March 1, 2016
Dartmouth geography professor to discuss development in American South
The K-State geography department continues a tradition of hosting the past president of the Association of American Geographers for a spring semester public colloquium.
Mona Domosh, professor of geography at Dartmouth College, will present a public seminar, "From the U.S. South to the Global South: Practicing Development at Home." The colloquium will take place at 3:30 p.m. Friday, March 4, in the Town Hall in Leadership Studies Building. It is co-sponsored by the Beta Psi chapter of Gamma Theta Upsilon, the international honor society in geography.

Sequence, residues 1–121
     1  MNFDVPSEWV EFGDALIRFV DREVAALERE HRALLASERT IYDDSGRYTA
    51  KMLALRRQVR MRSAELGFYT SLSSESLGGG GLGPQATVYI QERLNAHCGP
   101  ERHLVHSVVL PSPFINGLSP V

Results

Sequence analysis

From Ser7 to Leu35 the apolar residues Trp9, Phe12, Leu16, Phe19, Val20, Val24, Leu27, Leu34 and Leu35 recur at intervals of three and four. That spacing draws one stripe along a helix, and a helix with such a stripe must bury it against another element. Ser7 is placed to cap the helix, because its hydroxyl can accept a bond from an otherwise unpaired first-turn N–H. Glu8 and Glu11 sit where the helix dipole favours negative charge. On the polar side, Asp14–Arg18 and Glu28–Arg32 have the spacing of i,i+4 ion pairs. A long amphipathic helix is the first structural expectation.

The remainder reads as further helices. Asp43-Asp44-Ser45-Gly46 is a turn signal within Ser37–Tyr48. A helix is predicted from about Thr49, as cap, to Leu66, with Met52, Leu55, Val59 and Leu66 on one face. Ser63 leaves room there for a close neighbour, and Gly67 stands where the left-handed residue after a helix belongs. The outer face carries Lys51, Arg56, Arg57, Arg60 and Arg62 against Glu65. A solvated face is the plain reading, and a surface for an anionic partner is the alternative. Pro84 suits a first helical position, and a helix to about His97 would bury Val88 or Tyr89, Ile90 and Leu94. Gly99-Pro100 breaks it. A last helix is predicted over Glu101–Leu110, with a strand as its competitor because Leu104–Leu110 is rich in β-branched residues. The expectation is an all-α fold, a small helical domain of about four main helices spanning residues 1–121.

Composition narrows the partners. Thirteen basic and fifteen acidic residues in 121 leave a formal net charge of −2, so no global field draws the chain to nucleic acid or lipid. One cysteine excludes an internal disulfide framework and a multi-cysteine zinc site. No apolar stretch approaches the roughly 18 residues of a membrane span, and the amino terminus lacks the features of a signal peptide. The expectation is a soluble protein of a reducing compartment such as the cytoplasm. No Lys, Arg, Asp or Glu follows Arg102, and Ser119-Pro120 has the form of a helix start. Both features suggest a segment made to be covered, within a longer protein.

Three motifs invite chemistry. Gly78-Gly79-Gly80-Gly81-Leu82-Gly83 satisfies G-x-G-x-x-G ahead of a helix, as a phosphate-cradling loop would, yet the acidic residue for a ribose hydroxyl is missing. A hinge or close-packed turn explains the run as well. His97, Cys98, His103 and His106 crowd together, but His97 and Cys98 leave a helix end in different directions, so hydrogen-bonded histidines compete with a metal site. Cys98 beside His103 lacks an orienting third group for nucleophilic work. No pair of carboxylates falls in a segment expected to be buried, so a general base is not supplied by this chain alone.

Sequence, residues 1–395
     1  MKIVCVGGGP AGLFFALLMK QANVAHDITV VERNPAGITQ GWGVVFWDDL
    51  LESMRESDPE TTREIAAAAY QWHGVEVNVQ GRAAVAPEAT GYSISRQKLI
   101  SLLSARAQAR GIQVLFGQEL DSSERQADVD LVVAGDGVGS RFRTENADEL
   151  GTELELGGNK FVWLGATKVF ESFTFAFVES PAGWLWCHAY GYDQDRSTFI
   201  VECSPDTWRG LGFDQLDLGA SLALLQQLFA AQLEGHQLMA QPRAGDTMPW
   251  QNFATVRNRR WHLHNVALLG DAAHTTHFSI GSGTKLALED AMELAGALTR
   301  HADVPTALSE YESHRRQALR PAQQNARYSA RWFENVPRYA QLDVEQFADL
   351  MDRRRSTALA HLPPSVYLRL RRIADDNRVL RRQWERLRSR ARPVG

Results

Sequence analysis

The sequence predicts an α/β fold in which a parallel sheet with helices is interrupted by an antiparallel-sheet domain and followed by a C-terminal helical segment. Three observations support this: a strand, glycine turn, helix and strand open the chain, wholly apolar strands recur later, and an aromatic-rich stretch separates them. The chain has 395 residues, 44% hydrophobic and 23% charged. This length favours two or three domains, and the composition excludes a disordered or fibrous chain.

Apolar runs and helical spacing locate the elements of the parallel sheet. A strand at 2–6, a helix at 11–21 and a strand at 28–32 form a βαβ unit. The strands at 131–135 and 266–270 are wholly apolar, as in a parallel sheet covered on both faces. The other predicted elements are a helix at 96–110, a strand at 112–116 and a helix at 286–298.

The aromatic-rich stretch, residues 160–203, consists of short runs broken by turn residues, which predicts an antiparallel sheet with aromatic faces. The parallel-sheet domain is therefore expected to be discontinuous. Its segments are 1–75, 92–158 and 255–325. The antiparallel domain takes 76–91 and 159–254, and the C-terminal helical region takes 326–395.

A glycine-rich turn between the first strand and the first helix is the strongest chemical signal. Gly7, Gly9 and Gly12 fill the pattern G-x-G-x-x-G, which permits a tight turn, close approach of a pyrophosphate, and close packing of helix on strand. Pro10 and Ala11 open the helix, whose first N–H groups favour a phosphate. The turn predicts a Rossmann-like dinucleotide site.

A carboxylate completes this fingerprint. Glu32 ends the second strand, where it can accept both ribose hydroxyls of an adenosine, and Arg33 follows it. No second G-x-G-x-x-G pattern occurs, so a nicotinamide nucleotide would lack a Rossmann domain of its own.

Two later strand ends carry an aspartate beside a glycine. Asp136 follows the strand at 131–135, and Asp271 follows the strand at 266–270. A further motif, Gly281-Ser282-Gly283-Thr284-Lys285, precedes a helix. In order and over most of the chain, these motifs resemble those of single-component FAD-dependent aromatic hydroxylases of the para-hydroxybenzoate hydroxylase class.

Drawing on a range of works that extend from gendered historical analyses of colonialism to critical histories of development, and based on archival research in Alabama, Arkansas and Mississippi, Domosh argues that what we now call international development — a form of hegemony different from but related to colonialism — needs to be understood not only as a geopolitical tool of the Cold War, but also as a technique of governance that took shape within the realm of the domestic and through a racialized gaze. She will do so by tracing some of the key elements of the United States' international development practices in the postwar era to a different time and place: the American South, a region considered undeveloped in the first decades of the 20th Century; and the agricultural extension practices that targeted the rural farm home and farm women, particularly African-American women.